- Compare current financial data with previous years to understand if the restaurant is performing up to the key performance metric standards.
- Identify pain points that may be negatively affecting the restaurant’s profit and take strategic decisions to overcome them. For instance, if restaurant owners notice a significant spike in the CoGS during a quarter, they can find out what caused it (increase in raw material prices, increase in demand, etc), and make decisions to minimize that expenditure.
How to create a restaurant income statement
As mentioned above, the income statement includes all the revenue and expenses of a restaurant. It calculates a restaurant’s net profit or loss for a given time period in the following way:
[Total Sales] - [CoGS] - [Prime Costs] - [Operating Cost] = Net Profit/Loss
Each section is broken down into more parts depending on the restaurant's operations. For instance, total sales would be broken down into food, liquor, events, etc.
2. Balance Sheet
While the income statement does a good job at providing information about the restaurant’s financial happenings over a period of time, it’s not enough on its own to properly understand the restaurant’s performance. An income statement does not include the assets and liabilities owned by a restaurant, and thus, does not provide a complete picture.
A balance sheet helps restaurants get an understanding of a restaurant’s financial position at any given date. It takes into account the restaurant’s assets and liabilities and calculates the restaurant’s equity to know its net worth on that particular date.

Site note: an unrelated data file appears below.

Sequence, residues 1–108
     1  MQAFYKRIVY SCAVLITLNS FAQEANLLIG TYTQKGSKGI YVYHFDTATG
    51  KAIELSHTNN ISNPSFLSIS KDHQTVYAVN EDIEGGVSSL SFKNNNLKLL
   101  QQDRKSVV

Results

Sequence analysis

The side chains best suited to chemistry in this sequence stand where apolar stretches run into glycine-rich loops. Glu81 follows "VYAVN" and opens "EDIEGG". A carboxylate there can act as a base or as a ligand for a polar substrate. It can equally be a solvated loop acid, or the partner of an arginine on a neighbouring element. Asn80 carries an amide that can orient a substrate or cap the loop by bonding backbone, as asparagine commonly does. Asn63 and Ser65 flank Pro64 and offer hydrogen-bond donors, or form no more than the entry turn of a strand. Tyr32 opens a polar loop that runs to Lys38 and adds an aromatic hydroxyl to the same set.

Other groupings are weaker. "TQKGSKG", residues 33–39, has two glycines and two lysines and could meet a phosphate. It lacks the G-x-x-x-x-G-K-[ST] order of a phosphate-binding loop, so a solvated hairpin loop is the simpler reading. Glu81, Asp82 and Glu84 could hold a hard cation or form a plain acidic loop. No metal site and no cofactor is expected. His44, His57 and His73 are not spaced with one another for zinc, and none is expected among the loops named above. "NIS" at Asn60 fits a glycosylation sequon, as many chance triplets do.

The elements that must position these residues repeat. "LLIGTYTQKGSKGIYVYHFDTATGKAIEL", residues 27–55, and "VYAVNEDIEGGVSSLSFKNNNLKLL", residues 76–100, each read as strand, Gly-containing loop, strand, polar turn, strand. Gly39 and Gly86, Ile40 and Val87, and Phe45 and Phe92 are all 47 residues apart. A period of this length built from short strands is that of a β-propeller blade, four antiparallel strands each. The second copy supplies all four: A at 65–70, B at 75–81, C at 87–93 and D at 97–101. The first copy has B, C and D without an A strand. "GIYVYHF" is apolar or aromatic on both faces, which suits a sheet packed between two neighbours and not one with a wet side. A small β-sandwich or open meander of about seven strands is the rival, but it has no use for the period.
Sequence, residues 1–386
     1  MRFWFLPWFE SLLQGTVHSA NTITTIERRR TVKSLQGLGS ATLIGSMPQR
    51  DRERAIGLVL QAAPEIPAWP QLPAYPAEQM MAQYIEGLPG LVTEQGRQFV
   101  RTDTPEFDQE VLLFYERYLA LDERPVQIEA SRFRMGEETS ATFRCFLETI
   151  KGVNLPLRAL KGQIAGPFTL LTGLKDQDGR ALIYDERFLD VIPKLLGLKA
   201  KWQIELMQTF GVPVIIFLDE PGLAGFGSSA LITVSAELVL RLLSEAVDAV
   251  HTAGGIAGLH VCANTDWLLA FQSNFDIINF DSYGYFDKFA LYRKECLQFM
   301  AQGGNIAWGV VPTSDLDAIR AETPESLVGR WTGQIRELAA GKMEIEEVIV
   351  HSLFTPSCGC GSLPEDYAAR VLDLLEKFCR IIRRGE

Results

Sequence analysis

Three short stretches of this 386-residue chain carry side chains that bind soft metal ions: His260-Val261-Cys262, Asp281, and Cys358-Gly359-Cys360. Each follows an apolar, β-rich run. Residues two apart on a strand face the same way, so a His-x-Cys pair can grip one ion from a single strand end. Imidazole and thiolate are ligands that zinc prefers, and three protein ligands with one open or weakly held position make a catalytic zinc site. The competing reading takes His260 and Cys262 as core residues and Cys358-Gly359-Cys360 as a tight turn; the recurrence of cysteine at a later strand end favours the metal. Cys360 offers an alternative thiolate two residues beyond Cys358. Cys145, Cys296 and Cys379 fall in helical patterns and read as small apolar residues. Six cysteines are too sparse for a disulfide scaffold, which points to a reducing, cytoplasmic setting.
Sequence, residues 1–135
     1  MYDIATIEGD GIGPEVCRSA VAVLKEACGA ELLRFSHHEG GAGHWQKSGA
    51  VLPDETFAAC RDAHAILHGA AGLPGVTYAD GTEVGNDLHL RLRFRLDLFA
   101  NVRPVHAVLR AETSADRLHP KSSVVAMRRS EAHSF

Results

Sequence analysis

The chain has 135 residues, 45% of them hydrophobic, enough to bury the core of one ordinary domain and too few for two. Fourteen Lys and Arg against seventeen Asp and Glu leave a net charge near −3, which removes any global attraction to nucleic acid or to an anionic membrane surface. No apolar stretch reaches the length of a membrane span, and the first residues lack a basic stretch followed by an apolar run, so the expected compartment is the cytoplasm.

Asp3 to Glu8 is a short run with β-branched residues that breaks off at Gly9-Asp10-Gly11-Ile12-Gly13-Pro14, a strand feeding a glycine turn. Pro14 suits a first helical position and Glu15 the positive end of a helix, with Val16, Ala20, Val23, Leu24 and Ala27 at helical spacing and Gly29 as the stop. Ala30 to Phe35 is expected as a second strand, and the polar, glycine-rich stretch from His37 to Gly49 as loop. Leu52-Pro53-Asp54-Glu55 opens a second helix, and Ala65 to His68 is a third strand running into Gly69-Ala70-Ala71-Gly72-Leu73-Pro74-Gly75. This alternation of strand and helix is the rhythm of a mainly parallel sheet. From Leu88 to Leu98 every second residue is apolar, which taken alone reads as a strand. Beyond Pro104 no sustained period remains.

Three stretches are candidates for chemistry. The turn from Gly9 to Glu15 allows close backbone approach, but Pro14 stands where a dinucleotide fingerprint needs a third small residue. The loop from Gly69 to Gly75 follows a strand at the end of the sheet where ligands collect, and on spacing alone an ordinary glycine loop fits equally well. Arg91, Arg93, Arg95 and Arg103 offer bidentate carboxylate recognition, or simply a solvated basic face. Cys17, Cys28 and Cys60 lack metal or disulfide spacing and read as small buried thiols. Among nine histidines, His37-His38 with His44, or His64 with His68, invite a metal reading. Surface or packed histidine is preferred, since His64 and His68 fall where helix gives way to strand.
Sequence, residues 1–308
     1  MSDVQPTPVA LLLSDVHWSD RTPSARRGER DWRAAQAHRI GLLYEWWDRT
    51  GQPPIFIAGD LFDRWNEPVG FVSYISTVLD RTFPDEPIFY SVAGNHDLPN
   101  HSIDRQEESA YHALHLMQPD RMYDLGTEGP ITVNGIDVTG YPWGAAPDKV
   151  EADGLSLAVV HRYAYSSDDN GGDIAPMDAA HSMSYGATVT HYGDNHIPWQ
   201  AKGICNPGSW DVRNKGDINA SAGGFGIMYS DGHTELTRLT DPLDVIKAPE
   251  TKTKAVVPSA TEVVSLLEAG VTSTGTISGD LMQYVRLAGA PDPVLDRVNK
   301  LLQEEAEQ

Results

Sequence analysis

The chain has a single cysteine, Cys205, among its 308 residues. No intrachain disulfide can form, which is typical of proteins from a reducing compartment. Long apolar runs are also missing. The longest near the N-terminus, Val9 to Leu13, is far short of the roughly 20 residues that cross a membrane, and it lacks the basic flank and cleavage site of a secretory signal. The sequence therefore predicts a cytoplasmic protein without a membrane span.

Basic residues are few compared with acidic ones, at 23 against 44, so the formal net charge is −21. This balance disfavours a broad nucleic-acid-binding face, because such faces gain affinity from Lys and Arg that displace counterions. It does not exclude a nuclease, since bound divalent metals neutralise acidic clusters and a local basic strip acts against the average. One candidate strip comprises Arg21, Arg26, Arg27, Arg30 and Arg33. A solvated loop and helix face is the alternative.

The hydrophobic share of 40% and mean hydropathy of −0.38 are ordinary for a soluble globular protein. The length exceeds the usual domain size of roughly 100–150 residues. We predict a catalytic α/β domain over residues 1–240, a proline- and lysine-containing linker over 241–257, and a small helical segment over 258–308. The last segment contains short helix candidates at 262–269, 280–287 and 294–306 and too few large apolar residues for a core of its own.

How to create a balance sheet
A balance sheet includes:
- Assets: what the restaurant owns of value, including cash, inventory, machinery, property, etc.
- Liabilities: what the restaurant owes to others, like loans, rent, outstanding bills, etc.
- Equity: a restaurant’s life-to-date earnings or loss. Equity is calculated by deducting the restaurant’s liabilities from its assets. A portion of equity includes retained earnings, which is a restaurant’s net income that is reinvested into the business as additional equity capital.
3. Cash Flow Statement
A cash flow statement gives a detailed record of the cash coming in and going out of your restaurant. It keeps track of cash flow related to your restaurant’s fundamental operations like labor cost, supply cost, sale of assets, etc. for a given time period.
It also includes any financing or debt taken up by the restaurant as that can affect the cash flow. For instance, increased debt could mean there is more cash as you have taken a loan from somewhere, and decreased debt can mean less cash as you have paid off a liability.